Translation Stress Positively Regulates MscL-Dependent Excretion of Cytoplasmic Proteins
Protein translocation is an essential feature of cellular organisms. Bacteria, like all single-cell organisms, interact with their environment by translocation of proteins across their cell membranes via dedicated secretion pathways. Proteins destined for secretion are directed toward the secretion pathways by the presence of specific signal peptides. This study demonstrates that under conditions of both osmotic stress and translation stress, E. coli cells undergo an excretion phenomenon whereby signal peptide-less proteins are translocated across both the inner and outer cell membranes into the extracellular environment. Confirming the presence of alternative translocation/excretion pathways and understanding their function and regulation are thus important for fundamental microbiology and biotechnology.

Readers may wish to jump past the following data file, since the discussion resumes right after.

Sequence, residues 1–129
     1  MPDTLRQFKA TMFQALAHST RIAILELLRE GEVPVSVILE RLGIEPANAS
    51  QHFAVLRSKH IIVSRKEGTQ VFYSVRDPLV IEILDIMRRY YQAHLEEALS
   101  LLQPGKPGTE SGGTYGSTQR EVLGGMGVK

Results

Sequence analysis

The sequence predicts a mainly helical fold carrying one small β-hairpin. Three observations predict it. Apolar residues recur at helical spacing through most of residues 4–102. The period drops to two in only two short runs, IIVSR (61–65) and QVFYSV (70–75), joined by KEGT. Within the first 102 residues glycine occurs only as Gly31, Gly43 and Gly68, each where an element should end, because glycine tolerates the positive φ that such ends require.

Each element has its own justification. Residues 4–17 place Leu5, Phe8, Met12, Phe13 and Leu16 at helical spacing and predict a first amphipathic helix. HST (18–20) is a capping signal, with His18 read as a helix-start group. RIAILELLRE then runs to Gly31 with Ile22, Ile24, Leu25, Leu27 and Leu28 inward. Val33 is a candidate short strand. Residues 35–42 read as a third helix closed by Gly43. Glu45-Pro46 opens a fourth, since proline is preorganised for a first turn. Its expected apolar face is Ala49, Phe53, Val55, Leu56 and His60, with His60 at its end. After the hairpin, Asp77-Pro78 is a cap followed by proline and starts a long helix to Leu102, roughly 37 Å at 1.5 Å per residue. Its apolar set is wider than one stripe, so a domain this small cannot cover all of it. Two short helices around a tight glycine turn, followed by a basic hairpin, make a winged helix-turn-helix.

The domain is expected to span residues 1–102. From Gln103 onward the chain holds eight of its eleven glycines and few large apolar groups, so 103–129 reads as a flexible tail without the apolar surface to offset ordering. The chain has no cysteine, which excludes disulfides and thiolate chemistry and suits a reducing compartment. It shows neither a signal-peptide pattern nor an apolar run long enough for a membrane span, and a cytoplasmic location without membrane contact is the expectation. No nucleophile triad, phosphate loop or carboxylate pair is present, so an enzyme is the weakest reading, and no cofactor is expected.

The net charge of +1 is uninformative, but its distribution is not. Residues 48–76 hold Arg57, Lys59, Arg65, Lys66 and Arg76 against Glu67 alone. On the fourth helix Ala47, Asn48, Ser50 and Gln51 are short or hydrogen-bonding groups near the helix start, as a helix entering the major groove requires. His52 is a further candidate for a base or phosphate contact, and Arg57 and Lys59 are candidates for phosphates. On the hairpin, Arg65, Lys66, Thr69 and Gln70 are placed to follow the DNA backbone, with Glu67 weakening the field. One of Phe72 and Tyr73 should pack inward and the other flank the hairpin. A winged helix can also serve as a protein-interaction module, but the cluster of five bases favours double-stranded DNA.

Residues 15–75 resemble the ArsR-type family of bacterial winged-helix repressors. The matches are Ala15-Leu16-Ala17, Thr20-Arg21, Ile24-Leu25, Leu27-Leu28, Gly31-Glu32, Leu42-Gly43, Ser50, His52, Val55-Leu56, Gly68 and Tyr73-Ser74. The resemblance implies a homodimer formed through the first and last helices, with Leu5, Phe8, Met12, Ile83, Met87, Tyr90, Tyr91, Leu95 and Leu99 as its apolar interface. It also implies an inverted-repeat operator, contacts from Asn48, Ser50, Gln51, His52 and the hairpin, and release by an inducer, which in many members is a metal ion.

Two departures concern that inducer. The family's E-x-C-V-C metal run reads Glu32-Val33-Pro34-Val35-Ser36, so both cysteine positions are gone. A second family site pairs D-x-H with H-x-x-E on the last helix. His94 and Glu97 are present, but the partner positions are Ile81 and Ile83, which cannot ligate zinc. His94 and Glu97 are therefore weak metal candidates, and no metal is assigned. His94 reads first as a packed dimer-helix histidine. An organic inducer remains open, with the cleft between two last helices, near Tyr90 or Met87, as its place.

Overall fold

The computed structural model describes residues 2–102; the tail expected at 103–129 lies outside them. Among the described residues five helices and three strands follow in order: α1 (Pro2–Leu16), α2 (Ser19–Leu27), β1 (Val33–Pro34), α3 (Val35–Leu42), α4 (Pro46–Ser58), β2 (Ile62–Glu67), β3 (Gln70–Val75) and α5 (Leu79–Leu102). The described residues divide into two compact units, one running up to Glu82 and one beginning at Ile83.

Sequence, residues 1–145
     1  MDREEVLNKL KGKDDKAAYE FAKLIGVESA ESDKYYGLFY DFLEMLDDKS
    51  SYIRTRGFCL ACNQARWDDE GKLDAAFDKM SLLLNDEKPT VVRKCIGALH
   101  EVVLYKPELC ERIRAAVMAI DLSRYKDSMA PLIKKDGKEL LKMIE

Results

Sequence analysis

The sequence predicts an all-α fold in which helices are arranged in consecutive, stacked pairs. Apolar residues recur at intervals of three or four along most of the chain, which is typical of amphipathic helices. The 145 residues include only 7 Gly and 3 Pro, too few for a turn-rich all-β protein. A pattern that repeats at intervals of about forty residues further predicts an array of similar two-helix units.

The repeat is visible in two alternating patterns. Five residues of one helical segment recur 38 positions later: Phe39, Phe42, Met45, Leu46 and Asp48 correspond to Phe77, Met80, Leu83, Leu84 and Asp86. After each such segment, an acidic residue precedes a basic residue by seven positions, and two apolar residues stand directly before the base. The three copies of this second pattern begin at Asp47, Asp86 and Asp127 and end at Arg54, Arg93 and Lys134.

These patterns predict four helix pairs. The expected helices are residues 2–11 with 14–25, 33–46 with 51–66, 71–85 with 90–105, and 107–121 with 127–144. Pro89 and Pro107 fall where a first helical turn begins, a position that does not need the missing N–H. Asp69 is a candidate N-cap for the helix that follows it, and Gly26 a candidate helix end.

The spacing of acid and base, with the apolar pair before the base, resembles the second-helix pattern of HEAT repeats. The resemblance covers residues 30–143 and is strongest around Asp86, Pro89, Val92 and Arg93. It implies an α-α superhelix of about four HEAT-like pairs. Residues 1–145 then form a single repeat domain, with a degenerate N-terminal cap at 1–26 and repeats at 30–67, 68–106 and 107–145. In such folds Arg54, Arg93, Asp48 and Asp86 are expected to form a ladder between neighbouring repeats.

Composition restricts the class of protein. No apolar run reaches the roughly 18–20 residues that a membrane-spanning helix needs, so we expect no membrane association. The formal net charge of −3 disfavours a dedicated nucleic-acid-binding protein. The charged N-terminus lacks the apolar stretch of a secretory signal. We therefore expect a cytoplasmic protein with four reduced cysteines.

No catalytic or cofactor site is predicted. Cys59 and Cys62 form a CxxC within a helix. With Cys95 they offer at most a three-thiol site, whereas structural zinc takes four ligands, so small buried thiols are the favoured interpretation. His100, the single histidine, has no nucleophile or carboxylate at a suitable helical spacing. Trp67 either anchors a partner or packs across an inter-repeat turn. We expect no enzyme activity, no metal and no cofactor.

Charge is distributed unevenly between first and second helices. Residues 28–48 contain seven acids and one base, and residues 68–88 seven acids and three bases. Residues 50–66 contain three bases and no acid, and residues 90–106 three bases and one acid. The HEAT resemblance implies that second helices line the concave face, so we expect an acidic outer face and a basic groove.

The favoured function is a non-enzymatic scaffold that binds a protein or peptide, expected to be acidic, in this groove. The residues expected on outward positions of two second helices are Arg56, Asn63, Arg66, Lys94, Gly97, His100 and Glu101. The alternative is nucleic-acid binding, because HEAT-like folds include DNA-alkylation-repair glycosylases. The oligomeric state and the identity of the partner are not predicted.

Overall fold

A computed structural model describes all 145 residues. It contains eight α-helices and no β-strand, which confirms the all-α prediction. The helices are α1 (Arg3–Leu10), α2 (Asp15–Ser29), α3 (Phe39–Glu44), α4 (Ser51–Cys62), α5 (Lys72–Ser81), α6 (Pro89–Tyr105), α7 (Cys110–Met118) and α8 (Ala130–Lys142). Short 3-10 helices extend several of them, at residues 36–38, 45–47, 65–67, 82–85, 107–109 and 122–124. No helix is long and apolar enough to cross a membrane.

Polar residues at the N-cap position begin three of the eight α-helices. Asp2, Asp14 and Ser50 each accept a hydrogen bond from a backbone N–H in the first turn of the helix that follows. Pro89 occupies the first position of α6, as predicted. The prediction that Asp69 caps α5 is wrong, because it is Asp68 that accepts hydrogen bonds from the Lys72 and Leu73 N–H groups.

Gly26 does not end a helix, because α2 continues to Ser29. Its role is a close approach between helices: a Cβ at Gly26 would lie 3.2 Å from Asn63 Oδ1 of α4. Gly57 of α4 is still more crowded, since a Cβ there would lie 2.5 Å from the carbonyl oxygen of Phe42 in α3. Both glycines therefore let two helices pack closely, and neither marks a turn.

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The apparent mislocalization or excretion of cytoplasmic proteins is a commonly observed phenomenon in both bacteria and eukaryotes. However, reports on the mechanistic basis and the cellular function of this so-called “nonclassical protein secretion” are limited. Here we report that protein overexpression in recombinant cells and antibiotic-induced translation stress in wild-type Escherichia coli cells both lead to excretion of cytoplasmic protein (ECP). Condition-specific metabolomic and proteomic analyses, combined with genetic knockouts, indicate a role for both the large mechanosensitive channel (MscL) and the alternative ribosome rescue factor A (ArfA) in ECP. Collectively, the findings indicate that MscL-dependent protein excretion is positively regulated in response to both osmotic stress and arfA-mediated translational stress.
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